That's why you'll find HD dramas and comedies, etc. on network TV shooting at 24p, but HD sports and a specials about sharks shooting at 60i/p.
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Old July 27th, 2007, 04:55 AM   #37
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Yes, many times better to shoot 24p than 60i.
And how about with the Sony HDR-FX1? Would recommend shooting in CineFrame (Sony's verson of 24p simulation) and running the footage through Cinefom? Thanks A LOT!
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Old July 27th, 2007, 10:06 AM   #38
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And how about with the Sony HDR-FX1? Would recommend shooting in CineFrame (Sony's verson of 24p simulation) and running the footage through Cinefom? Thanks A LOT!
I that is less obvious, we do remove pulldown for Sony CineFrame 24, but you get more resolution using 60i and converting that to 24p.

Try it out and see which mode you prefer -- all our software has a 15-day trial.
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Old July 27th, 2007, 11:24 AM   #39
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Mr. Newman, using neo, is my HV20 footage going to have more resolution if I shoot in 60i and then convert to 24p? than if I shot in 24p and then did the pulldown and kept it at 24P?
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Old July 27th, 2007, 11:37 AM   #40
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The reverse is true. Shoot 24p.
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Old July 27th, 2007, 02:03 PM   #41
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That's what I thought and then saw your post above. Just temporarily confused by the fact the sony process for the FX7 is different than the HV20's. Thanks for replying. BTW. Very impressed with the trial download of Neo. Thanks for allowing the trial over the net, I'll bet I'll be purchasing it in two weeks.
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Old August 28th, 2007, 03:51 PM   #42
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More than just Chroma crosstalk? 50% frames are off...

Hi all. I've shot scenes with a 35mm adapter and an HV20 in 24P mode (which records 24P in a 60i stream in HDV). Then I've imported into FCP6, rotated the image 180degrees (to get it upright) and then used the new Compressor to Reverse Telecine the footage to get it into 24P (Apple Prores 422). Looks great, except...

The Chroma lags behind the luma! Two frames it's correct (and on the luma) then the next two frames it lags behind the luma, then repeats. It's noticable when there's big movement with contrasting colours in the image (red really stands out).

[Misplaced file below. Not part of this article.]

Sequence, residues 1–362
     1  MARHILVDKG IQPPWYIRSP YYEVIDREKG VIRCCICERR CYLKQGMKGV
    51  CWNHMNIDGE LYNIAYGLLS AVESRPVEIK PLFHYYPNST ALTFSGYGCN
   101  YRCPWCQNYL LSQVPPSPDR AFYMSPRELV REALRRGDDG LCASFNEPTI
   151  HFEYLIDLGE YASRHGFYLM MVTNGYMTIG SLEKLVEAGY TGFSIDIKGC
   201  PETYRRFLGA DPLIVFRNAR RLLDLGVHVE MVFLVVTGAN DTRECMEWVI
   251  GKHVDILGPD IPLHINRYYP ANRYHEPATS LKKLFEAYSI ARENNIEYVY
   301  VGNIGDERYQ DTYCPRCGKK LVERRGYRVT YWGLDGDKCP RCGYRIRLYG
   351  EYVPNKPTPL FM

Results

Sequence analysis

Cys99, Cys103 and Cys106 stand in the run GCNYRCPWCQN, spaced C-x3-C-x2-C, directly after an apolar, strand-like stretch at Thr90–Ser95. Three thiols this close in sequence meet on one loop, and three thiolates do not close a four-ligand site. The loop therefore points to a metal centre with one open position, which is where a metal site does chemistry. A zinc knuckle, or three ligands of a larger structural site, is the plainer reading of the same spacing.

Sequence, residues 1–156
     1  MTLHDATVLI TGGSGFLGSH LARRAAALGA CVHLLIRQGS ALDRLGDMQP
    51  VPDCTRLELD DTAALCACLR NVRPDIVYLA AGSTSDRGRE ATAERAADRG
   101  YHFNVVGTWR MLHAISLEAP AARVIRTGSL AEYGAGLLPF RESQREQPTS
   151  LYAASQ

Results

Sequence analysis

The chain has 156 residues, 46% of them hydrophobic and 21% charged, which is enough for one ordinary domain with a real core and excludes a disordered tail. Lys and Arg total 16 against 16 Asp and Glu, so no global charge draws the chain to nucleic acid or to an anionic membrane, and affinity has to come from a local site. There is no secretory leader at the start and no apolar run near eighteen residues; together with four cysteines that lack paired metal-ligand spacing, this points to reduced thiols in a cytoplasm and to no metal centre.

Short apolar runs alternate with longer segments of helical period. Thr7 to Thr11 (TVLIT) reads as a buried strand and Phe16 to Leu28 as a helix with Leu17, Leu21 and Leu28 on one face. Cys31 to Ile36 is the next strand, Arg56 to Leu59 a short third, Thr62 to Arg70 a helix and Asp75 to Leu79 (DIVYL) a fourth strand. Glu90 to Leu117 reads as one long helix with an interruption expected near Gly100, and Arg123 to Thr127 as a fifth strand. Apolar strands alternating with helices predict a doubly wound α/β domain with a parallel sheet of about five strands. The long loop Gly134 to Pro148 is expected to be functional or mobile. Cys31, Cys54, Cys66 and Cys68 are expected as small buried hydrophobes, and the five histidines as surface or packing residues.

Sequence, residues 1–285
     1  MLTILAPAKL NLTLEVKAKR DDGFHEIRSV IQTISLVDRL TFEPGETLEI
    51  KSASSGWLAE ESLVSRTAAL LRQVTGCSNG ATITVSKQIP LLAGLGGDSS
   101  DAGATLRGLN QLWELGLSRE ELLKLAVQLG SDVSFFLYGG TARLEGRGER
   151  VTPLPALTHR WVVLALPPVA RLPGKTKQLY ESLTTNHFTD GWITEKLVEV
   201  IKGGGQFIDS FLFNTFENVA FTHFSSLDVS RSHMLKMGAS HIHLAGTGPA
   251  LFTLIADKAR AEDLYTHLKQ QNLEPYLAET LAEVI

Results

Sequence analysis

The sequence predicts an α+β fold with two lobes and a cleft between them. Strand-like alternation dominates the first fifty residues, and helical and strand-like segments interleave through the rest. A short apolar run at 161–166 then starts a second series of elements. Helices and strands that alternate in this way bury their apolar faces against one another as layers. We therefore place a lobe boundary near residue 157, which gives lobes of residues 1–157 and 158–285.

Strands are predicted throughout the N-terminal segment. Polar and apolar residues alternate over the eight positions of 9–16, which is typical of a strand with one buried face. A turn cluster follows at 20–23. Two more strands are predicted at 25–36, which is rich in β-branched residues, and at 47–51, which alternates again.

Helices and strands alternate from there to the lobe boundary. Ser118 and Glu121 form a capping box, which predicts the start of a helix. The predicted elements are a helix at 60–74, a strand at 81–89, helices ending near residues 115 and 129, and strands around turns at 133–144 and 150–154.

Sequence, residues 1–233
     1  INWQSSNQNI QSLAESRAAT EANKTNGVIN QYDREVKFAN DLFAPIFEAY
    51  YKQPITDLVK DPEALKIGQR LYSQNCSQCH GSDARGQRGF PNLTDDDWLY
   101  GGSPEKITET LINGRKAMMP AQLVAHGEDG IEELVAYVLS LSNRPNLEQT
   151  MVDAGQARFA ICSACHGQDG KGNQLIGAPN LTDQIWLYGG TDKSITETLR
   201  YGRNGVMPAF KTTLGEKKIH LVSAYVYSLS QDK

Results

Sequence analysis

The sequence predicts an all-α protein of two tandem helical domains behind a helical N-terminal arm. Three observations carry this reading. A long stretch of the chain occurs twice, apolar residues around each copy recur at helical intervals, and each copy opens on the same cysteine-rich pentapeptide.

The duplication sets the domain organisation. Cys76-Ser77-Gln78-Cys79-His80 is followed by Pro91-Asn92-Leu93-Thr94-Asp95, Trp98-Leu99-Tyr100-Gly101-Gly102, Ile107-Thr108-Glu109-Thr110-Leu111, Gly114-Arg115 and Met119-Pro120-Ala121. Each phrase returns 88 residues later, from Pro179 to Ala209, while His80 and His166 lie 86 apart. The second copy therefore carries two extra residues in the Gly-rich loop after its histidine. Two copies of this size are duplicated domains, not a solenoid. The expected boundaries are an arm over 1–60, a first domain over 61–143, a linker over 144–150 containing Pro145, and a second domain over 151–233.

It's not just every 4th frame - it's 2 'bad frames' frames every 2 good frames! About 12 frames every second are off ... i.e. half! 50%!

Did I miss a step, or is it just this bad?
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Old August 28th, 2007, 04:08 PM   #43
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24p from the HV20 is fine, the error always in the pulldown removal. Here is my blog entry on the subject : http://cineform.blogspot.com/2007/07...4p-or-not.html


You might try removing the pulldown before rotating the image, as a bad (frame based) rotate will mess with the field ordering.
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Old August 28th, 2007, 04:39 PM   #44
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I think you're right - remove the pulldown, THEN rotate the image. *sigh* Because I use a 35mm adapter, that'll add a lot more time to my renders.. they'll take twice as long now. But hey, it's the price of a good value camera. Thanks David.

EIDT: Did a test - David's correct - when shooting 24P with the HV20, do not reverse telecine and flip in FCP6/Compressor in one step.. make it two steps (two full renders, unfortunately). Good news: more confident than ever in the HV20's 24P ability.

EDIT: I was off, again.. there was a filter that was messing the colour up - I was applying in the process to fix 4:2:0 to 4:2:2.. so, yes, the footage can be flipped and deinterlaced in one step, however, the G Film plugin has to be done after, in a second step. So it's even better than I thought!
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Last edited by Robert Ducon; August 28th, 2007 at 05:42 PM.
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Old August 28th, 2007, 05:12 PM   #45
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Originally Posted by Robert Ducon View Post
EIDT: Did a test - David's correct - when shooting 24P with the HV20, do not reverse telecine and flip in FCP6/Compressor in one step.. make it two steps (two full renders, unfortunately). Good news: more confident than ever in the HV20's 24P ability.
If you have an Intel Mac, you could purchase NEO HD and run it under Boot Camp, it will flip the image, remove the pulldown, bump the image to 4:2:2, and encode to CineForm MOV which will work on a FCP6 timeline, all in one step (real-time during ingest.) :)